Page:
Folk Art in Peru
Peru boasts one of the largest varieties of arts and crafts on Earth, as can be seen from the growing network of exporters who each year exhibit the skill of Peruvian craftsmen in Europe, Asia and North America. The diversity, color, creativity and multiple functions of Peru's folk art has made it a fundamental activity not just for Peru's cultural identity, but also as a way of life for thousands of families and even entire communities, such as Sarhua and Quinua in Ayacucho.
Works of art, both big and small, spark admiration amongst Peruvians and foreigners alike, are steeped in centuries of history, imbued with pre-Hispanic shapes and symbols which have merged with others brought over by the Spaniards. Peru has forged a multiple and complex identity which is paradoxically one of the reasons why Peruvian arts and crafts are tending to shift towards naïf art, lending their works a touch of innocence.
The excellence of Peruvian artisans can be seen in the harmony of the geometric designs in weavings, the minute portraits of peasant farming life on the carved gourds called mates burilados, the cultural mestizaje or blend in the colorful retablo boxed scenes. There are also the finely carved Huamanga stone sculptures, the complex Baroque nature of the wooden carvings, the beauty of gold and silver relics and the many forms that pottery has shaped the clay into pottery.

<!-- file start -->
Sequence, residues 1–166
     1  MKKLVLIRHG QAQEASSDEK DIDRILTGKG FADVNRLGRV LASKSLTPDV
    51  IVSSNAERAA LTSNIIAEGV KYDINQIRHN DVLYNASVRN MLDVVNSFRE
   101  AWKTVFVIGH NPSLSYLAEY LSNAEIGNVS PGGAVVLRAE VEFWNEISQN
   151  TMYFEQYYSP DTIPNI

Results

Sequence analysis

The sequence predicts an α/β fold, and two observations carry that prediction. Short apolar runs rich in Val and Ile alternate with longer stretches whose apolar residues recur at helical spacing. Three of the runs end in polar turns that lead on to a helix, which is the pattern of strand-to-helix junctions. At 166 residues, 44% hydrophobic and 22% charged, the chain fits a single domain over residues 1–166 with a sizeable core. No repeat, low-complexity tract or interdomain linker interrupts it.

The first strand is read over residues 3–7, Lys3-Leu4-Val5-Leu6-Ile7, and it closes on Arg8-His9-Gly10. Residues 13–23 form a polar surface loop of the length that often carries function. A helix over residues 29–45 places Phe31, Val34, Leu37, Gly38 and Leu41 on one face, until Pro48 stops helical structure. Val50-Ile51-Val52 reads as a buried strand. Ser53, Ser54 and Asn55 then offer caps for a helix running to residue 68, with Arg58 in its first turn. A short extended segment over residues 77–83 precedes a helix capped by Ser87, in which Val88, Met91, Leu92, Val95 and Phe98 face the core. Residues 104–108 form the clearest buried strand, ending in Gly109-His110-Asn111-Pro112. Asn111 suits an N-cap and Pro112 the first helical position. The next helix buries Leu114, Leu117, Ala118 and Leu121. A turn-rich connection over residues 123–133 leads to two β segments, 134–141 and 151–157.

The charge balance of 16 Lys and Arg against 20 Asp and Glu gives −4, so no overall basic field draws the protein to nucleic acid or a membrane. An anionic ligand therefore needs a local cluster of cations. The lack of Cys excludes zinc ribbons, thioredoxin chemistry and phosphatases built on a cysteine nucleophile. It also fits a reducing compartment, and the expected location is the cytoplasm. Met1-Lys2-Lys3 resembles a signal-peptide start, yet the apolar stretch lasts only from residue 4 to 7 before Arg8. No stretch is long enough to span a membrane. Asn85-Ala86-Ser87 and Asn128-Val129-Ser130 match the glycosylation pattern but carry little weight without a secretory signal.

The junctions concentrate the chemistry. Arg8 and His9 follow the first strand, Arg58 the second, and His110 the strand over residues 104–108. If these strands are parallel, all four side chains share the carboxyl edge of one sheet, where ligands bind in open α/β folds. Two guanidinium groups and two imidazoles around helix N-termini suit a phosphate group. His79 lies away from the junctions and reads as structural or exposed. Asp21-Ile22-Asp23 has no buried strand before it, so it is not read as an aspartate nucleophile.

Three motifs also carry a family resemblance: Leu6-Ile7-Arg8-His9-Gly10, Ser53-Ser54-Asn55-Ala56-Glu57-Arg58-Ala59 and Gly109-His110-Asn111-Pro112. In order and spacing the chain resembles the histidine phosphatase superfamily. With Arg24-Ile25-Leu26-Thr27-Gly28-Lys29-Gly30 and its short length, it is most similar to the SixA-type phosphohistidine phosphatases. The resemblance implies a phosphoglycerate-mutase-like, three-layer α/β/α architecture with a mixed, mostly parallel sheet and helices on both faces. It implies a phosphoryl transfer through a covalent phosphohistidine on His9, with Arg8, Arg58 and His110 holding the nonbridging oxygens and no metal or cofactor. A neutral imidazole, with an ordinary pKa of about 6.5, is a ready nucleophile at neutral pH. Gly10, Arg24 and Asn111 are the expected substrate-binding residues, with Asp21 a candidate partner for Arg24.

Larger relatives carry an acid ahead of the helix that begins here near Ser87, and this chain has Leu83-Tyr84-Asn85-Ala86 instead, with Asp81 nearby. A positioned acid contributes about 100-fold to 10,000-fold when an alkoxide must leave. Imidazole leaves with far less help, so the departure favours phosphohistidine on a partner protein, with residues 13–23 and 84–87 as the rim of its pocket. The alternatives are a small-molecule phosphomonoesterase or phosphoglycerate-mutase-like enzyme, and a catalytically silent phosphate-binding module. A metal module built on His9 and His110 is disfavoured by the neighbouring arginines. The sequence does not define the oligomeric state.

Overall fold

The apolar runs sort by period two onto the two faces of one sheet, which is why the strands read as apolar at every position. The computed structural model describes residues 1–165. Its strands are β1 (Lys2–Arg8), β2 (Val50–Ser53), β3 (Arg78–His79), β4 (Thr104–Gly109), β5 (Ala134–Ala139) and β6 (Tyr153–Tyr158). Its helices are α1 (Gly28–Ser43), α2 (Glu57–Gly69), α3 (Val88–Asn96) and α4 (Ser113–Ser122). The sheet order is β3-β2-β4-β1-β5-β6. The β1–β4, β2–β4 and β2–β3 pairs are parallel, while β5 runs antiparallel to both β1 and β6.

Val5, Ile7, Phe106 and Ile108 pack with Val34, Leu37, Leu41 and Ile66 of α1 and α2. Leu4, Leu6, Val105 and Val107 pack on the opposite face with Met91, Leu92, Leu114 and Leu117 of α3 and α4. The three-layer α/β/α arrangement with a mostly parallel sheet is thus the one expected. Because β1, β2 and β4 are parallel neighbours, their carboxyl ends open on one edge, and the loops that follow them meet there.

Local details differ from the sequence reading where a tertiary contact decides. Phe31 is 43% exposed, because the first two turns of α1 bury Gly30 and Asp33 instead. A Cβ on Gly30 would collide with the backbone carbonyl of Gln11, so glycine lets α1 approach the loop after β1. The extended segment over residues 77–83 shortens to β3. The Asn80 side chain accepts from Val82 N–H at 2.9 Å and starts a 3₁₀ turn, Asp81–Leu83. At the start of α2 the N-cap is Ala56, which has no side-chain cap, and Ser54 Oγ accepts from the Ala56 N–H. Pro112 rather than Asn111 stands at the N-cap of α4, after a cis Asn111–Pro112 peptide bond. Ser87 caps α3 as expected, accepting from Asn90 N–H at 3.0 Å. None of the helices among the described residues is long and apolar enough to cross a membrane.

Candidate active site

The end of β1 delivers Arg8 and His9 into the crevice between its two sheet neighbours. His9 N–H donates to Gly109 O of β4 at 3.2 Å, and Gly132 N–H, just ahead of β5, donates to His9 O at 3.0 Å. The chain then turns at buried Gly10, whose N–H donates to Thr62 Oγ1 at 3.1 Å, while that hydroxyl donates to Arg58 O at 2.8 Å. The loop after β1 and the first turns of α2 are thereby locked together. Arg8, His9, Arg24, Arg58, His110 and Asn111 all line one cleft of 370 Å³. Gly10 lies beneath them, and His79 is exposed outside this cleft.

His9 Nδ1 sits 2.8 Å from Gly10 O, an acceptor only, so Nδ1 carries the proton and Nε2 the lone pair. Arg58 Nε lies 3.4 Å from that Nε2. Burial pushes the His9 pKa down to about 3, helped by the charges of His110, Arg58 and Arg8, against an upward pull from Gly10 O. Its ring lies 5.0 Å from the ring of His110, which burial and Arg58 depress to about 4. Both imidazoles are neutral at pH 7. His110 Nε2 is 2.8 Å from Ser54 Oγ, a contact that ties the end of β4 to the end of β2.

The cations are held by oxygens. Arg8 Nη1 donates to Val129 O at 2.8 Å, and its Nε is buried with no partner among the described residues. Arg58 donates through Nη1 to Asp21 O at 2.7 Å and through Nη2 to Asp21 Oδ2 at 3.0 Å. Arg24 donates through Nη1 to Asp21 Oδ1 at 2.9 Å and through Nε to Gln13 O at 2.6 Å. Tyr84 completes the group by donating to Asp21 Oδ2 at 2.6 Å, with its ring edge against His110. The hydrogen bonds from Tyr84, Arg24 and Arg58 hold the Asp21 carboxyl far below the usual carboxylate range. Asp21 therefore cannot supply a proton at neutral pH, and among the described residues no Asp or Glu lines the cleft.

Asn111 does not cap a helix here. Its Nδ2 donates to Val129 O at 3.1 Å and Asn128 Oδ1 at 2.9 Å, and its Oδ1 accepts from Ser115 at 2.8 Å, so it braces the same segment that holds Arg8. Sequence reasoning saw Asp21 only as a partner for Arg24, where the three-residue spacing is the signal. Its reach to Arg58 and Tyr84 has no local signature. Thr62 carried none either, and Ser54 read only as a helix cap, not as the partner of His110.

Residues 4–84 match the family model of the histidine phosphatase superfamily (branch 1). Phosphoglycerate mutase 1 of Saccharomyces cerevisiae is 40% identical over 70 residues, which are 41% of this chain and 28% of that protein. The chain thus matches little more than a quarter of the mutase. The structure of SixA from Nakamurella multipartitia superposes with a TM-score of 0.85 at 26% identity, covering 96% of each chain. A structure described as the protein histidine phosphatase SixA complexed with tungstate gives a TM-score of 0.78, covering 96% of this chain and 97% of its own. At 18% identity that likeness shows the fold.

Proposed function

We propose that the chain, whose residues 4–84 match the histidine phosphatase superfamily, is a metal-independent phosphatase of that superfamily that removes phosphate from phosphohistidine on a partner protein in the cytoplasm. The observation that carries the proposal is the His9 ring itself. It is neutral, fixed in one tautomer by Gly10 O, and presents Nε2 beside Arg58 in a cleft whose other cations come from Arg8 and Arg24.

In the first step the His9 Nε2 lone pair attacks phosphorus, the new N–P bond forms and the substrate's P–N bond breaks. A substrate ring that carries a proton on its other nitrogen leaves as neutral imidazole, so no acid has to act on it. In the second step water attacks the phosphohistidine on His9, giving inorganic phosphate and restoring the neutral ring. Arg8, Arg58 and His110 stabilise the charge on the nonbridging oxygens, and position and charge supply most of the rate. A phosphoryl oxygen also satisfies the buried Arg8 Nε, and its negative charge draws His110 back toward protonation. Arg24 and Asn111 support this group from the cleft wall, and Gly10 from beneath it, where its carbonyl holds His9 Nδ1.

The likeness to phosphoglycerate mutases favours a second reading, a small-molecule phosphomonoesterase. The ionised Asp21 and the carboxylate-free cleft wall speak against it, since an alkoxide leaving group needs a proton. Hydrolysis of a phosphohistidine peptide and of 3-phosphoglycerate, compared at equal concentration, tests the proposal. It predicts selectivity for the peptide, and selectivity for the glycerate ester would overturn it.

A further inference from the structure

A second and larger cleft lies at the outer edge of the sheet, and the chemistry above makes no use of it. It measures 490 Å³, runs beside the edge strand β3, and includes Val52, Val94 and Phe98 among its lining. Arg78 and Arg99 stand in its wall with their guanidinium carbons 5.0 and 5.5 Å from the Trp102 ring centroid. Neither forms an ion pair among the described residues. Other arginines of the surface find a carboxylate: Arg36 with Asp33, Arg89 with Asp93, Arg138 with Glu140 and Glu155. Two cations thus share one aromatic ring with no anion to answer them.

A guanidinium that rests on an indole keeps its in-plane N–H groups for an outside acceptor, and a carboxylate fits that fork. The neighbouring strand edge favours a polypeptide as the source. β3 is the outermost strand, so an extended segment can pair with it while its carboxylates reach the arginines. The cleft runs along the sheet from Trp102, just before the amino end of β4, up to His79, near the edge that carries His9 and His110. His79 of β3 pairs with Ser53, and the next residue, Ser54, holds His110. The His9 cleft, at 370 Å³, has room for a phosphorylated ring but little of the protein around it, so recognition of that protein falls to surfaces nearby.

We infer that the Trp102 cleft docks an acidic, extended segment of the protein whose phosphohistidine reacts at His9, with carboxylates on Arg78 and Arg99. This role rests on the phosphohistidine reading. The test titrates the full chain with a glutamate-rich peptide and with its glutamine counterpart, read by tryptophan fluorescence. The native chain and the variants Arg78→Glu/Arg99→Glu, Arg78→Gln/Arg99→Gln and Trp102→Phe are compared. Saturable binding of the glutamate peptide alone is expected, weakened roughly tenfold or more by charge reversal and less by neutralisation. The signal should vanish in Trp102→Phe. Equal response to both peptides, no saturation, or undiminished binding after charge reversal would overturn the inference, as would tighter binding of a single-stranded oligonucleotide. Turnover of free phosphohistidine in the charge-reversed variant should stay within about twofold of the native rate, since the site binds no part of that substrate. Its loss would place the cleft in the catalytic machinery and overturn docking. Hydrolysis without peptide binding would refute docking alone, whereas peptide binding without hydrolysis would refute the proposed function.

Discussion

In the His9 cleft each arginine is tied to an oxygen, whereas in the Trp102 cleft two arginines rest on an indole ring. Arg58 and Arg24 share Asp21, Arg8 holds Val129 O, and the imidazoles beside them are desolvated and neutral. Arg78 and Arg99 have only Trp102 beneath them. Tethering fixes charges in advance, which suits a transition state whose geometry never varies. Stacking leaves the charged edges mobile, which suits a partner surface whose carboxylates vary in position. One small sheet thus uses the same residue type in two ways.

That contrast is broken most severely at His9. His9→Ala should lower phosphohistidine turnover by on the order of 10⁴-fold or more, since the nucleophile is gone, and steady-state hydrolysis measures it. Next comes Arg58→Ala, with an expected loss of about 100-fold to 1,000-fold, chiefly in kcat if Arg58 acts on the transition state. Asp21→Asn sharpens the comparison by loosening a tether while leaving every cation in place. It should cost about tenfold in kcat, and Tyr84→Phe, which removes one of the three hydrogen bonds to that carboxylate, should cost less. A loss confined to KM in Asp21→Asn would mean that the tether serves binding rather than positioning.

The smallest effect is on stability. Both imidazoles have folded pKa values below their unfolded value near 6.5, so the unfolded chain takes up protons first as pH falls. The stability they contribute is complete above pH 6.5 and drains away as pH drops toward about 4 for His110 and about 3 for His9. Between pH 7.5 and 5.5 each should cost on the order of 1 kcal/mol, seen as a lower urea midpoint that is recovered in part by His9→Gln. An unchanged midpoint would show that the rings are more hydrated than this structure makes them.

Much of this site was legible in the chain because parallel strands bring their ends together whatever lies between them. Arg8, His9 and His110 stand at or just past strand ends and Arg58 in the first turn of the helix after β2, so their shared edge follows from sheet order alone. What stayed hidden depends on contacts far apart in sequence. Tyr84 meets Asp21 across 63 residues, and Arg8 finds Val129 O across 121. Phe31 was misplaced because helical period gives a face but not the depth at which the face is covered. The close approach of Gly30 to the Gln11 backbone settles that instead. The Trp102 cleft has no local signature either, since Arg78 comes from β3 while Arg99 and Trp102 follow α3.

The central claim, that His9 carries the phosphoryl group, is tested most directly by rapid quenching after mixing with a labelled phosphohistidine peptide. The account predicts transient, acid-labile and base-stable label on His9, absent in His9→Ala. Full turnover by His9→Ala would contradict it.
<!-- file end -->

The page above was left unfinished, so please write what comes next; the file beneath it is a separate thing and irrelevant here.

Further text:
These works are just some of the cultural manifestations of a people who communicate mainly through art, using a language whose fundamental aspects are abundance, fertility and confidence in the future.